Barber shops rent to freelancers while salons miss out



(The Center Square) — Cosmetologists could soon stand on equal footing with barber shops across the state.

A law that allows barber shops to rent space to freelancers, but prohibits salons from doing the same, has drawn attention from state legislators – and they want to see it changed.

Senate Bill 830, introduced by Sen. Judy Schwank, D-Reading, would repeal the prohibition on renting booth space in cosmetology salons.

“Barbers do have the opportunity to freelance in other barber shops or to move from location to location; they’re not restricted by having to be part of a salon per-se,” Schwank said. “I don’t really know why barbers have that opportunity and cosmetologists don’t, but it seems unfair to me.”

Detractors have raised concerns over safety, liability, and a loss of unity in salons.

Renting out booth space, though, wouldn’t become a free-for-all. To ply their trade in the commonwealth, cosmetologists are required to earn 1,250 hours of schooling and get licensed.

“These individuals have been educated and have, certainly, the qualifications to earn a license … I would believe that they’re receiving the guidance that they need to understand all the implications, the safety guidelines, in terms of being a cosmetologist,” Schwank said. “I don’t want to upend any safety regulations, trust me.”

Experts who worry about over-regulation see the bill as a step forward.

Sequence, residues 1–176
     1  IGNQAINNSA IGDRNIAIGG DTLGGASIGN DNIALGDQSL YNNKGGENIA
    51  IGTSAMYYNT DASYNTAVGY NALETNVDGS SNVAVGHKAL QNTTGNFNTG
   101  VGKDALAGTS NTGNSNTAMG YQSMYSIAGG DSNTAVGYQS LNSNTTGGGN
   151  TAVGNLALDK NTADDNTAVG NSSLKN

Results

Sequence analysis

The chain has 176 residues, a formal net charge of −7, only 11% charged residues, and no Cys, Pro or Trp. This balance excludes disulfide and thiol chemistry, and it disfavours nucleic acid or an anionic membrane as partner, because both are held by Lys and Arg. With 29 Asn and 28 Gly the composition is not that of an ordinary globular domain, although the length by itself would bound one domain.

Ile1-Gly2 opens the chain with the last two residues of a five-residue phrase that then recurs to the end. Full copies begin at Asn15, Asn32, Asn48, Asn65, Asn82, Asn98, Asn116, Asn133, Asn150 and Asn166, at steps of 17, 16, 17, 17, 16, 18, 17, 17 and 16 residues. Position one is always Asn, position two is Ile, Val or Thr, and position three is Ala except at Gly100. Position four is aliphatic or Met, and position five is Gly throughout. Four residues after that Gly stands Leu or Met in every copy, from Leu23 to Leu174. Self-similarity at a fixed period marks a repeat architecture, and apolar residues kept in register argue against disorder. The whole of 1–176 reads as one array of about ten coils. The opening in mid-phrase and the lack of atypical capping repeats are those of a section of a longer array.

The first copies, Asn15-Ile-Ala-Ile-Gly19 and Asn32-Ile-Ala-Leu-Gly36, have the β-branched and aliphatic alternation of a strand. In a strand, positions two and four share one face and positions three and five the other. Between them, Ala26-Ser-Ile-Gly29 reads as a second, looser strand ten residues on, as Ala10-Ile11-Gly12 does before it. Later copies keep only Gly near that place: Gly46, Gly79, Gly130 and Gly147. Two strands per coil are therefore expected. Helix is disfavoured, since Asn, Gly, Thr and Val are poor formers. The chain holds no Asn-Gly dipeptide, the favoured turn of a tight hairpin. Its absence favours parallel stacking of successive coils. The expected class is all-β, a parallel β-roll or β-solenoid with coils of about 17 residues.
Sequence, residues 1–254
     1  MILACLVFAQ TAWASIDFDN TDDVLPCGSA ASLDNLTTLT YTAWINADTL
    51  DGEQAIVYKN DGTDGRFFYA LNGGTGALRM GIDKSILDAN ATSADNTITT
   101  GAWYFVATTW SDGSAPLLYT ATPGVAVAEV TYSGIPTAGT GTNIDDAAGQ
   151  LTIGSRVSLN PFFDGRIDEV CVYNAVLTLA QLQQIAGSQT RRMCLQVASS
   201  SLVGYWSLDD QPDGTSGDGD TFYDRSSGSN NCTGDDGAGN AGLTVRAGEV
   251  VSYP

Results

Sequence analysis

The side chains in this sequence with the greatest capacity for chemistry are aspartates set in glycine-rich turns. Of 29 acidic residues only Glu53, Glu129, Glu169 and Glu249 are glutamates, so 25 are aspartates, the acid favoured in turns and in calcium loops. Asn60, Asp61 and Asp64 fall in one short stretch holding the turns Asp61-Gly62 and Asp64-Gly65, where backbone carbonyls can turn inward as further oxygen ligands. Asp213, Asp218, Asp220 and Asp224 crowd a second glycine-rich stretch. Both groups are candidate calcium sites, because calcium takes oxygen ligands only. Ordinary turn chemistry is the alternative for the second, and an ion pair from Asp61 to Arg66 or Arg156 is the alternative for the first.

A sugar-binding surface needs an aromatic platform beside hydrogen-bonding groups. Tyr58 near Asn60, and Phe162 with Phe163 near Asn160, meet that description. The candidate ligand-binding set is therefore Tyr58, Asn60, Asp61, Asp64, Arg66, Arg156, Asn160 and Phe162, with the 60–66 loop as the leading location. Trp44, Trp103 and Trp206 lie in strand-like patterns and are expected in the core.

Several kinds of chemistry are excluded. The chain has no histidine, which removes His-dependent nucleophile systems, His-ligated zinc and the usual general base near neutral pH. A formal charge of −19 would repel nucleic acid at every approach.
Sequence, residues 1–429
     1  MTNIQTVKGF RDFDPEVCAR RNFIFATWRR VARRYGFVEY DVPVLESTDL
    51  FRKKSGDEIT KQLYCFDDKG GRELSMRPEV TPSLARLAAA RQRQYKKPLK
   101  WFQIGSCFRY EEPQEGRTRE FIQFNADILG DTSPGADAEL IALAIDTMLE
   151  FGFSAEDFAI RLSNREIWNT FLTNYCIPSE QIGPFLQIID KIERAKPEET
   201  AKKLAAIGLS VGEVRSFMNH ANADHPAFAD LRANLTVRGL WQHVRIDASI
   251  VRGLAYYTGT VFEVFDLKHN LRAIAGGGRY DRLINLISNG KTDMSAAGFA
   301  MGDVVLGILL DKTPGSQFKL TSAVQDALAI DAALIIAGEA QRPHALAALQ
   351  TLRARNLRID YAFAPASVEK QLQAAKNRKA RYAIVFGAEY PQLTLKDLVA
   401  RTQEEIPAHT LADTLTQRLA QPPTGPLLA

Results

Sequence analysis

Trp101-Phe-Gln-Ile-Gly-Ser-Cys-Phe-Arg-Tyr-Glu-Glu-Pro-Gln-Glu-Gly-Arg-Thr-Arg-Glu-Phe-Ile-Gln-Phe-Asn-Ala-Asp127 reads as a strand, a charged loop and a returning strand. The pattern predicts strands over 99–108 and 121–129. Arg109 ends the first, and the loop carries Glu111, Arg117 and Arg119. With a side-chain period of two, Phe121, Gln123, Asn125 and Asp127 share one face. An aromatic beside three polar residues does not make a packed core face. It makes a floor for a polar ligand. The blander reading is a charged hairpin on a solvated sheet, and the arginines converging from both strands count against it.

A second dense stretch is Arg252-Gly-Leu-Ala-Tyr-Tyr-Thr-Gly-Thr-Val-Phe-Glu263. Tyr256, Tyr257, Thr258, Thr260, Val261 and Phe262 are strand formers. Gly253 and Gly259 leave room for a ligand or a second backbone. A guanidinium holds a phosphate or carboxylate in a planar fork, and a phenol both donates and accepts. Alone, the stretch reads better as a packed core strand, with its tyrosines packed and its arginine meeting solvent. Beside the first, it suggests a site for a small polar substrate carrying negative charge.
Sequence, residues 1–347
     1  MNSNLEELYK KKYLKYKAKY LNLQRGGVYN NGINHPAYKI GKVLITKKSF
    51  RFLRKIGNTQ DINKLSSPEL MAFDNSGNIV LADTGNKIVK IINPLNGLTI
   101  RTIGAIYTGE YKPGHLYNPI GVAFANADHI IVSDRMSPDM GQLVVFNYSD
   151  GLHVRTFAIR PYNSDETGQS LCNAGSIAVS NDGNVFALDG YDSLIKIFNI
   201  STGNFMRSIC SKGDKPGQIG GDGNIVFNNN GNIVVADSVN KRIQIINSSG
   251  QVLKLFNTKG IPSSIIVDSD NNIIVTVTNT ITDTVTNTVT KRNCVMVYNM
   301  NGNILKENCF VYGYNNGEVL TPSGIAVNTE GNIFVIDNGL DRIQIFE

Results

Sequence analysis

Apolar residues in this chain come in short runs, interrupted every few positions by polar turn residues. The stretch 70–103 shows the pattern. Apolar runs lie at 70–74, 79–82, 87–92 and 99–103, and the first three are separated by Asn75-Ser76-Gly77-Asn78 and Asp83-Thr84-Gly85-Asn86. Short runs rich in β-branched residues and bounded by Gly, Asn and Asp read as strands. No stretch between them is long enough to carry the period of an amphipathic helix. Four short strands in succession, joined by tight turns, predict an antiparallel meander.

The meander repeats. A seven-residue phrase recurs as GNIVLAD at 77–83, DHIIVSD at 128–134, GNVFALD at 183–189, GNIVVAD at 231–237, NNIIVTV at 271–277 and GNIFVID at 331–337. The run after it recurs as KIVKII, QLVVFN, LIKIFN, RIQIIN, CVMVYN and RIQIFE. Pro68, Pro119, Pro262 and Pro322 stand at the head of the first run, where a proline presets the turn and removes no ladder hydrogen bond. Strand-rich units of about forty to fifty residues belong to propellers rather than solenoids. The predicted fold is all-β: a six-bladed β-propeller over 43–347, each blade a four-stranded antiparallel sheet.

“The beauty industry is overly burdened with unnecessary licensing requirements which inhibit opportunities within the field,” said Jessica Poitras, legislative counsel at the Institute for Justice, a public interest law firm. “Pennsylvania has high requirements for beauty professionals who provide limited services, high training hours for traditional programs, unattainable apprenticeship program requirements, and needless facility prohibitions.”

Reducing burdens on beauty professionals, she said, could create opportunities for workers and customers alike.

“The bills being advanced are based on safe and proven means of reform,” Poitras said. “These are commonsense actions that will have huge impacts on Pennsylvania’s beauty industry – specifically for women, persons of color, and lower to middle income workers.”

Last year, a bill in the House aimed to exempt some cosmetologists from licensing requirements for similar reasons, as The Center Square previously reported. That bill, sponsored by Rep. Dawn Keefer, R-Dillsburg, died in committee.

Other bills have been introduced this session to loosen restrictions and expand education for high school students interested in a cosmetology or barber career.

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